City leaders said they think a better system of signs throughout Cape Girardeau will highlight more of the town's assets to visitors and tourists.
A study on signs that direct city visitors will be the first part of an effort among several organizations to brand and market Cape Girardeau.
"It's an attempt to better direct people to where they want to go and where we want them to go," said Marla Mills, executive director of Old Town Cape.
Old Town Cape, the Convention and Visitors Bureau, the Cape Girardeau Area Chamber of Commerce and the city joined forces to implement a $126,000 Preserve America grant. Part of the grant, $40,000, will fund a study of the signs that direct visitors to tourist attractions throughout the city.
The city contracted with the Florida consulting firm Glatting Jackson Kercher Anglin Inc. for the study. The firm will analyze Missouri laws, feedback from the community and how other towns have approached similar projects, Mills said.
The firm will be in Cape Girardeau for three days in January as part of the study, and the group is holding two meetings to gain community input. The first meeting on Jan. 12 will go over ideas for which sites will be featured and how the signs should be designed, Mills said. The second meeting on Jan. 14 will be a presentation of the study results. Both will be held in the First Presbyterian Church fellowship hall at 6 p.m.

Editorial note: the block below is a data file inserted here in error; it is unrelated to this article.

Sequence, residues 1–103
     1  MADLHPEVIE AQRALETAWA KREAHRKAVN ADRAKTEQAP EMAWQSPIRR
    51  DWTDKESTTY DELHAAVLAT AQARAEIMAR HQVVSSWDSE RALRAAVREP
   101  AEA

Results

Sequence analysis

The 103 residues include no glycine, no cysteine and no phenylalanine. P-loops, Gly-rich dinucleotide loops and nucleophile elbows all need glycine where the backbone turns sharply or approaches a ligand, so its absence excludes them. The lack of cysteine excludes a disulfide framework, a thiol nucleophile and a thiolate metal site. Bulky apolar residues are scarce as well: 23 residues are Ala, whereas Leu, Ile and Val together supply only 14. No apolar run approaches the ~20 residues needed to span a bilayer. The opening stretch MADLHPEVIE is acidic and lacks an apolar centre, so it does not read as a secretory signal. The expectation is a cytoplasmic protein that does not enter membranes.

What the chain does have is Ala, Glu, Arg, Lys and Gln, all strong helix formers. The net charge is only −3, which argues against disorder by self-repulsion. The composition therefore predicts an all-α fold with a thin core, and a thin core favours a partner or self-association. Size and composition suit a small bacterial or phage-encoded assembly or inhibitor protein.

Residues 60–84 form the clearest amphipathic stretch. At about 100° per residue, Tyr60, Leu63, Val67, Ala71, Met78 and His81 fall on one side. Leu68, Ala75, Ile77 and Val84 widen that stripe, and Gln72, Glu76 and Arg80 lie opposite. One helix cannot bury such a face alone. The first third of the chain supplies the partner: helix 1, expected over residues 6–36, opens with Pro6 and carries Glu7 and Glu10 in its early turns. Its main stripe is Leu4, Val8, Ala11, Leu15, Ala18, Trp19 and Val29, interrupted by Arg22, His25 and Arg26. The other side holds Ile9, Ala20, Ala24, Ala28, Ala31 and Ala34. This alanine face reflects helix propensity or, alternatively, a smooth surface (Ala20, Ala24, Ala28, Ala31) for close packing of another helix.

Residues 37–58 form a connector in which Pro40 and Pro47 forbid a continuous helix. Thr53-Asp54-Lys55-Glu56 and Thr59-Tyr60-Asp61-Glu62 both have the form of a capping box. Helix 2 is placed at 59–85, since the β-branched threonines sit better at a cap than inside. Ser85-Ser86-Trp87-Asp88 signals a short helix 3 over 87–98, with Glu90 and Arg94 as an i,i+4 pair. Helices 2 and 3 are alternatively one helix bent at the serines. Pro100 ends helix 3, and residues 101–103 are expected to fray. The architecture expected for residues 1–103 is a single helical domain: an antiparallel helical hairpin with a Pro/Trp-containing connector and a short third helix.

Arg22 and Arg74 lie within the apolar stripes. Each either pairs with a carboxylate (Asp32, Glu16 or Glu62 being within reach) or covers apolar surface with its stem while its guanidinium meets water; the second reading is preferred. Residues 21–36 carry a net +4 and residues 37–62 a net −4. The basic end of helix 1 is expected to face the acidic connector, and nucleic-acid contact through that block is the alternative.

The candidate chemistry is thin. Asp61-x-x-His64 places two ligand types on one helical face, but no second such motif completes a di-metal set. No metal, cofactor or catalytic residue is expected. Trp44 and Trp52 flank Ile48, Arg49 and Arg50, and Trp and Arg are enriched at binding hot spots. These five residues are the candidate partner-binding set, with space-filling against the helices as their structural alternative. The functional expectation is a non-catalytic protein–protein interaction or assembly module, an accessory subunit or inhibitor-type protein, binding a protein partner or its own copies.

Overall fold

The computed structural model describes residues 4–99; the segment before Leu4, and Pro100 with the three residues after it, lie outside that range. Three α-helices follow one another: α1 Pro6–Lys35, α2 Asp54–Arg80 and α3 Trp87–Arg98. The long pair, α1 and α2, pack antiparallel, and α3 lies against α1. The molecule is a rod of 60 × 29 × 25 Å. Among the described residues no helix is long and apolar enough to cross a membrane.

The firm will also meet with community leaders throughout the three-day period and other individual meetings could be set up if needed, she said.
Mills said the firm's plan will outline a tiered strategy. Bigger sites will be listed on signs along the interstate. Other attractions will be on signs throughout town.
"You can't put everything on that first sign on the interstate," she said.
The two-year grant, which is from the National Park Service, was awarded to the city in October 2008. It includes other projects to boost the city's branding and marketing strategies. Part of the grant, $6,620, will fund 99 banner signs to highlight different downtown neighborhoods. The banners, which will be included in the study, will be installed within the next several months, Mills said.
Another $3,000 will fund informational reader boards along the riverfront and $15,000 will fund the development of a branding strategy through the same consulting firm, Mills said. Projects included in the grant will be implemented by October.
The city is pursuing other grants to fund visitor signs, said Sarah Wallace, city community planner. She said the the signs will be phased in over several years.
Mills said there have been other efforts to overhaul signs in recent years. By contracting a study and including several organizations, the current effort is more comprehensive, she said. The old signage will be re-evaluated.
"It's probably replacing what we have and building on it," Mills said.
Newer signs will help tourists and visitors navigate the city better, said Chuck Martin, executive director of the Cape Girardeau Area Convention and Visitors Bureau.
"If you make it easy for them, certainly it becomes part of an overall positive experience," Martin said.
Attractions that have opened within the past seven years, including the Red House Interpretive Center, the floodwall murals and the River Campus, will be incorporated into the strategy. Highlighting constant draws, like the Mississippi River, will also be important, he said.
"Many people don't live in an area where they have anything comparable," he said.
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